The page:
The prevalence of obesity among adults in Geneva, Switzerland, tended to increase steadily over the 12-year period 1993 to 2004 in both sexes, but particularly so in men. Overall, men had higher prevalence of obesity (13.4% vs. 10.0%) and overweight (43.9% vs. 24.0%) than women. The association patterns between education level and obesity trends differed by sex. In men, obesity prevalence tended to increase in the medium and high education subgroups, as opposed to little change in the low education subgroup. In women, obesity prevalence tended to increase in all education groups, but particularly in the low education subgroup. Thus, the inverse association between obesity and education level may have decreased for men but persisted for women.

In the United States, obesity has increased in both sexes, particularly among persons with higher SEP. The differences in obesity prevalence between education groups decreased from 1970 to 2000 (15). However, when analyzing the same National Health and Nutrition Examination Survey data using income as a proxy for SEP, Chang and Lauderdale (14) observed an unchanged inverse association between income and obesity for women. For men, the inverse association was weak for non-Hispanic whites in more recent waves of National Health and Nutrition Examination Surveys, but the association was even positive in African- and Mexican-American men (14). The association with obesity observed in our study depends somewhat on the choice of education as a proxy for SEP, but the results are consistent with those of Zhang and Wang (15) for men, although not for women.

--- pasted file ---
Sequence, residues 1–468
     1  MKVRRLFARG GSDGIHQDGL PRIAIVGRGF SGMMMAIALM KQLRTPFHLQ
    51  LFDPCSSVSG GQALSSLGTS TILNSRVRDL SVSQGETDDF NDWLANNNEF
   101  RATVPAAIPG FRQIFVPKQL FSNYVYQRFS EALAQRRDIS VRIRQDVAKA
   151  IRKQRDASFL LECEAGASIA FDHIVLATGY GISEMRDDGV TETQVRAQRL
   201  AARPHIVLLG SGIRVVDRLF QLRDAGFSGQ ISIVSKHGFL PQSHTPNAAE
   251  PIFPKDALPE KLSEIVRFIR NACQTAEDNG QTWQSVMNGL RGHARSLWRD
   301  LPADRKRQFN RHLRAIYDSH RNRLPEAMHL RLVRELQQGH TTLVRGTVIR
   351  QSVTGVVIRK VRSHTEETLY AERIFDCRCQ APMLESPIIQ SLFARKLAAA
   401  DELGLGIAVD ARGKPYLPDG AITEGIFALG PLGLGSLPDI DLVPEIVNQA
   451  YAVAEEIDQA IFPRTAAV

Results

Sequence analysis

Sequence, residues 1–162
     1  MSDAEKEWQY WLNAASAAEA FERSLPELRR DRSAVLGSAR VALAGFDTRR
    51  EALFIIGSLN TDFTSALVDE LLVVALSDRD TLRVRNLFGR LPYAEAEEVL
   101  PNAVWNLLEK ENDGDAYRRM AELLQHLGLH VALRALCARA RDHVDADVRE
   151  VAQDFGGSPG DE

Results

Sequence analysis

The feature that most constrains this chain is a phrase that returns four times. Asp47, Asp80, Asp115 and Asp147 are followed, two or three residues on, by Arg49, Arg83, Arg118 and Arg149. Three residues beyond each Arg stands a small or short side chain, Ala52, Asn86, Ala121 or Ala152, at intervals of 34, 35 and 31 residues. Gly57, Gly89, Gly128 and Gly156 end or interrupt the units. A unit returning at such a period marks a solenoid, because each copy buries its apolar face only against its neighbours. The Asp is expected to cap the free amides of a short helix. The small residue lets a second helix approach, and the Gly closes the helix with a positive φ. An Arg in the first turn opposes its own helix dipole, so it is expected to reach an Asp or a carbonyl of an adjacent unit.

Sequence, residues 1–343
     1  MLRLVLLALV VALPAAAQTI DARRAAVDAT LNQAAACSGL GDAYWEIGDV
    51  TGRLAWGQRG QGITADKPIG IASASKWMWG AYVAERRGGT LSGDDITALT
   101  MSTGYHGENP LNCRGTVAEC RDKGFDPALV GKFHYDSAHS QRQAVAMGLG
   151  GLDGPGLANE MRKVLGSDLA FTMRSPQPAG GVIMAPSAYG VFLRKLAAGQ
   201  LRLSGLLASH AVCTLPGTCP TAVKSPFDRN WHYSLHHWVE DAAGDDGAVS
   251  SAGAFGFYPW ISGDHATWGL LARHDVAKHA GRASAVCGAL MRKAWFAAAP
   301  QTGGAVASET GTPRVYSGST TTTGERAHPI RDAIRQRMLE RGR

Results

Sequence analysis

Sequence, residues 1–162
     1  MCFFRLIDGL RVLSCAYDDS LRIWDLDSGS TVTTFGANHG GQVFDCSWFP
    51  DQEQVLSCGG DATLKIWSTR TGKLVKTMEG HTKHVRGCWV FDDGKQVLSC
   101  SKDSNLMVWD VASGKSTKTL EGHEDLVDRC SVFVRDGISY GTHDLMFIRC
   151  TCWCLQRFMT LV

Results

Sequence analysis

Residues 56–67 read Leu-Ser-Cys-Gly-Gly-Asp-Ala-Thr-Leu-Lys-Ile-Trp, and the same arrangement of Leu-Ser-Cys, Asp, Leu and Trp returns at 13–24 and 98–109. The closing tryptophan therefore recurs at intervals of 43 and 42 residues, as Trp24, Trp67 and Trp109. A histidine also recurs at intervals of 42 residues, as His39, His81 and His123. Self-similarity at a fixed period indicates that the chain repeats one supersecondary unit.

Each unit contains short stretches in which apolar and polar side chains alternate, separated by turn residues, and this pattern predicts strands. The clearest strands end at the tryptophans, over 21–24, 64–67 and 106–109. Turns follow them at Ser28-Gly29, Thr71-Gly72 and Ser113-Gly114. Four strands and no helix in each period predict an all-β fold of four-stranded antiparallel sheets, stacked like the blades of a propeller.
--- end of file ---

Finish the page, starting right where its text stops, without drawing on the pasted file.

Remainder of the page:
European trend studies using education as a proxy for SEP have mostly found a persistent inverse association (13, 23, 24, 25, 26, 27) or no association (28, 29) between education level and obesity prevalence. On the other hand, two Swedish studies have reported contradictory results: one observed an increase in obesity prevalence among middle-SEP men (30), whereas the other observed a decrease in BMI for men with low education (10). Both of the latter studies indicated a narrowing of obesity prevalence across SEP subgroups in men and are, therefore, consistent with our results. However, all of the above studies contain at least one of the following major limitations: the use of self-reported weight and height, which is known to be influenced by SEP and obesity (31, 32, 33); the study data were collected 10 or 20 years ago; and the assessment of trends was based on only two points in time. On the other hand, the present study results were based on measured weight and height; used annual random, independent, representative samples from 1993 to 2004; and evaluated trends across at least four time-points over a 12-year period.